Our Education Choice Scorecard grades legislators on their voting record on four key bills that give parents education options for their children.
Dyslexia Therapy Scholarship (HB 1031 passed in 2012)
This bill allows children with dyslexia to receive vouchers to attend private schools if their current public schools cannot provide programs that help reading disorders. Participating accredited private schools must be able to provide dyslexia therapy.
Mississippi Charter School Act (HB 369 passed in 2013)
This bill set the guidelines for the creation of public charter schools in Mississippi. Charter schools must be nonprofit educational organizations, cannot charge tuition, and must administer the same state tests and are rated under the same system as traditional public schools. They must accept all students who apply, unless there is not enough room, in which case they draw names, giving all students an equal chance to attend. Charter schools are subject to the same restrictions on teaching religious doctrine as traditional public schools and may not discriminate on the basis of race, creed, color, sex, or disability.
Communities who wish to apply for a charter school apply to the Mississippi Charter School Authorizer Board, which evaluates the qualifications of charter school applicants and approves qualified applications. Charter schools may open, or existing schools could convert to charter status, in all school districts. However, school boards in districts rated A, B, or C may veto the approval of an application for a charter school that would be located in their district. Charter schools are only open to students who live in the district where the charter school is located.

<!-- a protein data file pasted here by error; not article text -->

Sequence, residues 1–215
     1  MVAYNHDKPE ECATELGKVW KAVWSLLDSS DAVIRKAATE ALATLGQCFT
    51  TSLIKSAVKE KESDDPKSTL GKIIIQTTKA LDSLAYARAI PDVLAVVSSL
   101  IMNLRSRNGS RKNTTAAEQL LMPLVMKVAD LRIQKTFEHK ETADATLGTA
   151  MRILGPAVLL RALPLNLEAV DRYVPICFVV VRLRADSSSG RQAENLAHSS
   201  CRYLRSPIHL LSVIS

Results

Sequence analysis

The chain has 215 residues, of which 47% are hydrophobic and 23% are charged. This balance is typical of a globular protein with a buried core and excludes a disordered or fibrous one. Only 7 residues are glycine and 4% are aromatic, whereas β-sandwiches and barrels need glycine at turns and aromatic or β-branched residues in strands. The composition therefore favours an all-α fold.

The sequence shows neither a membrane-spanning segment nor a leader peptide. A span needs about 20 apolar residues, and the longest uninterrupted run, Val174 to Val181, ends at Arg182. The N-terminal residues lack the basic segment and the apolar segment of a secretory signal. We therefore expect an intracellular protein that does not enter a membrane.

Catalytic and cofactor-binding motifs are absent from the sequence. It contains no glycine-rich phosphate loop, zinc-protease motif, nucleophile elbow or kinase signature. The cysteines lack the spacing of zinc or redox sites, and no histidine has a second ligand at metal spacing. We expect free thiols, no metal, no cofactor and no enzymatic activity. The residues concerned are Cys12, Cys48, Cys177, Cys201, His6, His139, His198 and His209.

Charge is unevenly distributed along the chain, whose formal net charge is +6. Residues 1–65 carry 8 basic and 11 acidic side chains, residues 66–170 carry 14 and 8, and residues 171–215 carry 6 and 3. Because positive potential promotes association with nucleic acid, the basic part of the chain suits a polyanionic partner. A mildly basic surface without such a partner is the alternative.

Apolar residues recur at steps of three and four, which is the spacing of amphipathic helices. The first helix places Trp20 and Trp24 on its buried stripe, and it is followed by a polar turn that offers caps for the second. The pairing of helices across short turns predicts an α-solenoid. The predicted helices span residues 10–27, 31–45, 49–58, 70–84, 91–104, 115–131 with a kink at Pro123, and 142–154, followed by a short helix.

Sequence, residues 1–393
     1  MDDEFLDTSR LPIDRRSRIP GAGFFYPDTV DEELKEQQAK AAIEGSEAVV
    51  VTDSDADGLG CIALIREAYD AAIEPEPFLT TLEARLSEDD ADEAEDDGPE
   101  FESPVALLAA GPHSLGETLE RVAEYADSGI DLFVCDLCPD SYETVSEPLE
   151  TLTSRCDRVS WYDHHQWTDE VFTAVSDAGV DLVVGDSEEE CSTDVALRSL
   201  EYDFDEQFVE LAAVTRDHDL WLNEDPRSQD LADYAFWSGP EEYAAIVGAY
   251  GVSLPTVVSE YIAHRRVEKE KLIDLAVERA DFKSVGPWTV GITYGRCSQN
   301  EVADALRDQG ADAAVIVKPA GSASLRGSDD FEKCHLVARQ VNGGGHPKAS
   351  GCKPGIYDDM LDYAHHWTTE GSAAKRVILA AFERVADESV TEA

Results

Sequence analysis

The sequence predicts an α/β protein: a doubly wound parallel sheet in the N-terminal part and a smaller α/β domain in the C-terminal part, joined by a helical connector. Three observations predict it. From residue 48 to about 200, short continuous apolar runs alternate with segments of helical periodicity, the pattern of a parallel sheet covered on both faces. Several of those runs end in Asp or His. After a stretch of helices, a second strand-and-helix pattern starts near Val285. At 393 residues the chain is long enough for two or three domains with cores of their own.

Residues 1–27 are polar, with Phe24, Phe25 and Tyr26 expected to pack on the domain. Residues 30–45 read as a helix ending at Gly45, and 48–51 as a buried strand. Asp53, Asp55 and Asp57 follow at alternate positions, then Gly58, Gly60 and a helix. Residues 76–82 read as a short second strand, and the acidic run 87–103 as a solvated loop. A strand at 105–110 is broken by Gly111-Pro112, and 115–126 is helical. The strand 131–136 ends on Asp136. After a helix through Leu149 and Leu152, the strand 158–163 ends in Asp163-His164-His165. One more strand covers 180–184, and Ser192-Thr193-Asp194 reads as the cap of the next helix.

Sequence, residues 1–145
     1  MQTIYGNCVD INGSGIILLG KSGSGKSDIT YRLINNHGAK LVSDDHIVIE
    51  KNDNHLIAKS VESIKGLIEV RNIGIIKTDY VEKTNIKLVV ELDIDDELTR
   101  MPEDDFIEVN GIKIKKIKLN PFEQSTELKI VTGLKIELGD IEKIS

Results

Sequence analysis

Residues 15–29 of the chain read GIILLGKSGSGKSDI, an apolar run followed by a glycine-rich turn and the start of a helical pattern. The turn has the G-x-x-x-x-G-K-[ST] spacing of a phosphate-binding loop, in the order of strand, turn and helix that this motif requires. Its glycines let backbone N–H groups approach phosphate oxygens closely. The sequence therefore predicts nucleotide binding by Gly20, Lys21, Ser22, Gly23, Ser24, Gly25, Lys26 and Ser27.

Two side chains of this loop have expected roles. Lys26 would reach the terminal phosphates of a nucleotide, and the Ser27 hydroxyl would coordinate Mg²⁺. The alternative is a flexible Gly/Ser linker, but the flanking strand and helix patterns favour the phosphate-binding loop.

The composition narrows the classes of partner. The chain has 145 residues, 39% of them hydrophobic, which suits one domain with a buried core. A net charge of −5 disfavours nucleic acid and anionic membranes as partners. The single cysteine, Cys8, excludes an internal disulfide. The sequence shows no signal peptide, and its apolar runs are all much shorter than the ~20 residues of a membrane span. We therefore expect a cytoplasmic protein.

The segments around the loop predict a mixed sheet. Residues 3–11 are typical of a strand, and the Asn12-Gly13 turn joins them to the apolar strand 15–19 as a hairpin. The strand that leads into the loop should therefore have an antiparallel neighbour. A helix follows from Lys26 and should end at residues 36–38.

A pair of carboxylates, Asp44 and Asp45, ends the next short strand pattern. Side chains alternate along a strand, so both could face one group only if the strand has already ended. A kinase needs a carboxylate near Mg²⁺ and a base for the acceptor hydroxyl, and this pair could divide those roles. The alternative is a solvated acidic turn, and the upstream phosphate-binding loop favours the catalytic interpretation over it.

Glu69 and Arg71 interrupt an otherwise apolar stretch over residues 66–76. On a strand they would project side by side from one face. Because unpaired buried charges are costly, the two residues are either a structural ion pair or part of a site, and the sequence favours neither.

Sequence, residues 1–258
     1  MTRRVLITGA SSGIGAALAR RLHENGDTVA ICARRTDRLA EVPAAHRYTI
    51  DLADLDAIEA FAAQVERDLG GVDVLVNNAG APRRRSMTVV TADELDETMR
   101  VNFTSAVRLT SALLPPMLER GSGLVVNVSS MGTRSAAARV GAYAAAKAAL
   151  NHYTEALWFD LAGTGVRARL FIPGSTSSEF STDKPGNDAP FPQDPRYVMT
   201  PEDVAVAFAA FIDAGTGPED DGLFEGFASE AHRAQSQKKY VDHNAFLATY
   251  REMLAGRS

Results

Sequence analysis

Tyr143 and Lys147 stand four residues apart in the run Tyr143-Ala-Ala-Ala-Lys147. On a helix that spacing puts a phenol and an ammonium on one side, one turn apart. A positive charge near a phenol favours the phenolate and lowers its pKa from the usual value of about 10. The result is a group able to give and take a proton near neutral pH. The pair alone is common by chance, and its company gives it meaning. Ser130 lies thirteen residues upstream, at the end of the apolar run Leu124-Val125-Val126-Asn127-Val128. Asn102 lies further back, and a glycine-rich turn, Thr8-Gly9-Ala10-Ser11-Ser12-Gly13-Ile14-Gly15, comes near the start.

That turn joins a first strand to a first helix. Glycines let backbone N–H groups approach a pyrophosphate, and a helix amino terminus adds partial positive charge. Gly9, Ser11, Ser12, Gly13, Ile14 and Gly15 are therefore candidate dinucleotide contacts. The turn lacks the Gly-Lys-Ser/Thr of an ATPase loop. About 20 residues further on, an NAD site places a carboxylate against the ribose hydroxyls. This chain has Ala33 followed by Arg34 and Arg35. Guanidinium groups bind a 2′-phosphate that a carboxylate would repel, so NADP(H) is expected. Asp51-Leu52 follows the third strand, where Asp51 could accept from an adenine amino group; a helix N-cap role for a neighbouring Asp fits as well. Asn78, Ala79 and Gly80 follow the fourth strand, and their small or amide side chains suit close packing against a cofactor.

No students or teachers are assigned to charter schools by a school district. Parents choose to enroll their children and teachers choose whether to apply for employment.
Speech-Language Therapy Scholarship (HB 896 passed in 2013)
This bill allows children with speech-language impairments to receive vouchers to attend private schools. Participating accredited private schools must be able to provide speech-language therapy. Students must be in grades K-6 and have been screened properly and diagnosed with speech-language impairment. Students are eligible if, during the previous school year, they attended a public or state accredited special-purpose school that “emphasizes instruction in speech-language therapy and intervention.”
The Equal Opportunity for Students with Special Needs Act (HB 765)
This bill would empower parents of public school students with special needs with the ability to choose new educational options for their children. Currently for a child with special needs, if their public school is not able to meet their educational needs, they do not have many options. Unless the parent can afford to pay for private school tuition or to move to a different school district, the student is forced to settle for a sub-par education or take legal action against the district to fight for appropriate educational services.
The Equal Opportunity Act would give parents the option of withdrawing their child from the public school and receiving a Education Scholarship Account (ESA) with approximately $6,500 to help pay for educational expenses outside the traditional public school. Funds would be distributed through a debit card and used for private school tuition, educational therapies, and tutoring. They can even save funds for future college expenses.
This bill failed on the last day of the 2014 Legislative Session in the House of Representatives by a vote of 57-63. To see how your legislator voted on this bill, see our detailed Education Choice Scorecard.